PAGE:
- I Could Not Save Mahatma Gandhi: Untold Stories from a Witness’s Diary
- Indian National Evolution: A Brief Survey of the Origin and Progress of the Indian National Congress and the Growth of Indian Nationalism
- Tagore’s Best Short Stories
- Counter-Gaze: Media, Migrants, Minorities
- Women’s Encounter with Disaster
Binding:HardcoverSize: 156x324 mm
In commemoration of Rabindranath Tagore’s (1861-1941) 150th birth anniversary, this new collection of English translation of his selected short stories opens up the possibility of an English-reading global audience discovering a new contemporary relevance in Tagore’s creations more than a century after they were penned in colonial India.
Introducing Tagore’s short stories afresh to a generation intrigued by the contemporary interface of the global and the local is significant, as these stories are marked by a fascinating dialectic of historical contexts, with all their cultural particularity, on the one hand, and Tagore’s vision of universal humanity, on the other.
At a time when the market and the ideology of consumerism is propagating an ethic based on individual needs, Tagore’s short stories permeated with values based on care, attachment and empathy strike a deep chord, precisely because this value orientation is fast eroding all over the globalized world.
Tagore’s stories, representing a multiplicity of voices, have a timeless ethical relevance in terms of their commitment to social and cultural plurality. Moving representations of the subjectivity of variously marginalized persons signify Tagore’s attachment to the cause of social justice that he equated with his love for a God, whom he saw as the profundity of life personified.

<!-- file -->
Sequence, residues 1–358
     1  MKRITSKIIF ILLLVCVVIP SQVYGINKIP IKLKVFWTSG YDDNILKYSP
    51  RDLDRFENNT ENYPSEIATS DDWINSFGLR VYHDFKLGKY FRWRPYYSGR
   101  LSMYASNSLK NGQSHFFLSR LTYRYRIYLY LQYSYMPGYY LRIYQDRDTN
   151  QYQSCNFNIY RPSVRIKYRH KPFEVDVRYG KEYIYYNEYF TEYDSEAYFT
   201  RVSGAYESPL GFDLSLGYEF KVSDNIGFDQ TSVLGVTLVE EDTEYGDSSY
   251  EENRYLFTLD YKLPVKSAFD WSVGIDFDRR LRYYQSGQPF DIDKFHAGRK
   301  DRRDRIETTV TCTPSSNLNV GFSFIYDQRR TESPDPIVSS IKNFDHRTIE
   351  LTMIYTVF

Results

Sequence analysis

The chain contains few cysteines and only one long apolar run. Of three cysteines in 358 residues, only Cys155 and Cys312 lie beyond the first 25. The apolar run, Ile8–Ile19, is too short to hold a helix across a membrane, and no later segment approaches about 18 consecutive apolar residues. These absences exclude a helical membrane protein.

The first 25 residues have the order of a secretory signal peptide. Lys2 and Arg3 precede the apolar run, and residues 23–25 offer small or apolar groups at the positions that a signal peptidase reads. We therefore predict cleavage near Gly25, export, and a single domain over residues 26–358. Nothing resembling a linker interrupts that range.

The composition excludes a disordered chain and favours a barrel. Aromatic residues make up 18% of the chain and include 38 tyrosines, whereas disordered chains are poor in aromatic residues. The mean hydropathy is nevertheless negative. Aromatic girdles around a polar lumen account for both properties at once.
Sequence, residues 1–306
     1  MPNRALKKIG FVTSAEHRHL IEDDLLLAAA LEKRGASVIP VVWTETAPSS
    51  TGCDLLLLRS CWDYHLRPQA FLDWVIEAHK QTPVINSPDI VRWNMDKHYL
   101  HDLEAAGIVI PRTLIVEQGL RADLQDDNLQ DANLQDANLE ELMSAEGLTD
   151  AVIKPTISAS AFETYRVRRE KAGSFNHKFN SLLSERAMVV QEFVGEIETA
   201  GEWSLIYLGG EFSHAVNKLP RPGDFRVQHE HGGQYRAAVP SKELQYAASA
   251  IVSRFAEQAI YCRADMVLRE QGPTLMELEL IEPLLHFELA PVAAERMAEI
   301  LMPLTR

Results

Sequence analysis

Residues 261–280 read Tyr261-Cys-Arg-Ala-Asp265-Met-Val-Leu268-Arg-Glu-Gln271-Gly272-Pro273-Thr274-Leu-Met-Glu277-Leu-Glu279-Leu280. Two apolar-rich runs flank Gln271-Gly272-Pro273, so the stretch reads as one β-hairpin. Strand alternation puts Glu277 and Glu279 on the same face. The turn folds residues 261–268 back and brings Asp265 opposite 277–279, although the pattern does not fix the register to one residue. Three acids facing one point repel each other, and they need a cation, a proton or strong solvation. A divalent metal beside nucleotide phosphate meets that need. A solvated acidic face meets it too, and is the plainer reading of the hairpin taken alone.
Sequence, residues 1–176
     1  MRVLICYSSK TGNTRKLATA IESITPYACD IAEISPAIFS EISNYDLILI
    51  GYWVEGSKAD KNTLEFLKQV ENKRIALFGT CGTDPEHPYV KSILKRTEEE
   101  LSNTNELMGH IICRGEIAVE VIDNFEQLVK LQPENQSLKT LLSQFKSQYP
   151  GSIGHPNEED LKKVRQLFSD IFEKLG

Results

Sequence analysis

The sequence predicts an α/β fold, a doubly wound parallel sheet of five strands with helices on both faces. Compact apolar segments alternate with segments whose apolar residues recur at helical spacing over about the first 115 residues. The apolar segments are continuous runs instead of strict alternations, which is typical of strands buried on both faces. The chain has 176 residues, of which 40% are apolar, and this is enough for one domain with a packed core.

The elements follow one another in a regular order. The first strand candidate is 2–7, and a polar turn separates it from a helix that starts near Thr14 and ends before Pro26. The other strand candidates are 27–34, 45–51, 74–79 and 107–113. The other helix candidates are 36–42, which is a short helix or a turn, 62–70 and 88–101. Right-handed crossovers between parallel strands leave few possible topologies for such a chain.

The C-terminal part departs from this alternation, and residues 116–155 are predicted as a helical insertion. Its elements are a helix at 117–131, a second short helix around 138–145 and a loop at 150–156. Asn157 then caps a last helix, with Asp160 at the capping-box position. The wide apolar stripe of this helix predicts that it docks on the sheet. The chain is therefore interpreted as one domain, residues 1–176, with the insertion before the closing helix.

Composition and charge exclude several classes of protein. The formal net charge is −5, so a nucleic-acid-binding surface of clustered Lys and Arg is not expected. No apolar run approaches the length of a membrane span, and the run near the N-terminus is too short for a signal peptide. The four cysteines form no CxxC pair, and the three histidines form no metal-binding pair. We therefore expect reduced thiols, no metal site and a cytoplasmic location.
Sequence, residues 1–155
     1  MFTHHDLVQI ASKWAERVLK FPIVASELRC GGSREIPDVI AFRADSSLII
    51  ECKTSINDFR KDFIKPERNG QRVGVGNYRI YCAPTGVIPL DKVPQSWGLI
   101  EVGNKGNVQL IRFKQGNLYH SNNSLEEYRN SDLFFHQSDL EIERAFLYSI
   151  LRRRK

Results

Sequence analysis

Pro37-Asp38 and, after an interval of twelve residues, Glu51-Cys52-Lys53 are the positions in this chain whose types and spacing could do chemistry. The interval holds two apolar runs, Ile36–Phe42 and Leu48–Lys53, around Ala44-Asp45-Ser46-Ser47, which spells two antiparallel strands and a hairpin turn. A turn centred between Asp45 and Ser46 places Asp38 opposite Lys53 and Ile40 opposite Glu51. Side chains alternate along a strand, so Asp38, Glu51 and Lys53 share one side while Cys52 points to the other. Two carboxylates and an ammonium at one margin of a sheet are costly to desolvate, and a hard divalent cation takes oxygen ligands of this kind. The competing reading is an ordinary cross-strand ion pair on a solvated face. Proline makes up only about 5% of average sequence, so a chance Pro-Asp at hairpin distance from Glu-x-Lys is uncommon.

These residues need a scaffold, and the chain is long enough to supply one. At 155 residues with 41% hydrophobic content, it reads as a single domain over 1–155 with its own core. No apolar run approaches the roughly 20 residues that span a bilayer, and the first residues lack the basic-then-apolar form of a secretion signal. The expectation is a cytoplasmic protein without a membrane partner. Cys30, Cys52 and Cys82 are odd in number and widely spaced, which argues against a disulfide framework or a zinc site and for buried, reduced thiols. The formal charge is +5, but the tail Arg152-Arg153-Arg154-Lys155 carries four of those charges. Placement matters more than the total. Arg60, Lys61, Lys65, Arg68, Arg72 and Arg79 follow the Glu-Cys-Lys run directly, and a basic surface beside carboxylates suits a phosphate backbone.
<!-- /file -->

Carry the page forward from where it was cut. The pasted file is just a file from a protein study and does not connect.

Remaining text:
Malobika Chaudhuri, a creative writer, earned acclaim as a translator when Parineeta by Saratchandra Chattopadhyay (Penguin, 2005) featured on the best seller list for quite a long time. Malobika’s other notable translations are Scarlet Dusk: Stories by Saradindu Bandopadhyaya (Rupa, 2003), Palli Samaj by Saratchandra Chattopadhyay (Penguin, 2005), The Last Time I Saw Tibet by Bimal Dey (Penguin, 2007); Malobika’s forthcoming list includes: Arrakhaniya and Pather Dabi by Saratchandra Chattopadhyay and Indira by Bankimchandra Chattopadhyay.
Patrick Colm Hogan is a Professor in the Department of English, the Programme in Comparative Literature and Cultural Studies, and the India Studies Programme at the University of Connecticut, Storrs, USA. Patrick’s research treats World Literature with particular reference to South Asian Culture. Some of his recent publications include: Cognitive Science, Literature, and the Arts: A Guide for Humanists (Routledge, 2003), The Mind and its Stories: Narrative Universals and Human Emotion (Cambridge University Press, 2003), Understanding Indian Movies (University of Texas Press, 2008), and The Cambridge Encyclopaedia of the Language Sciences (Cambridge University Press, 2010).
Atithi (The Visitor)
Chhuti (The Holiday)
Dena Paona (Debts and Dues)
Ek Ratri (One Night)
Kabuliwala (The Man from Kabul)
Kankal (The Skeleton)
Khokababur Pratyabartan (The Return of Khokababu)
Khsudita Pashan (The Hungry Stones)
Monihara (Loss of Bejewelled Glory)
Noshto Neer (Broken Nest)
Samapti (The Ending)
Streer Patra (The Wife’s Epistle)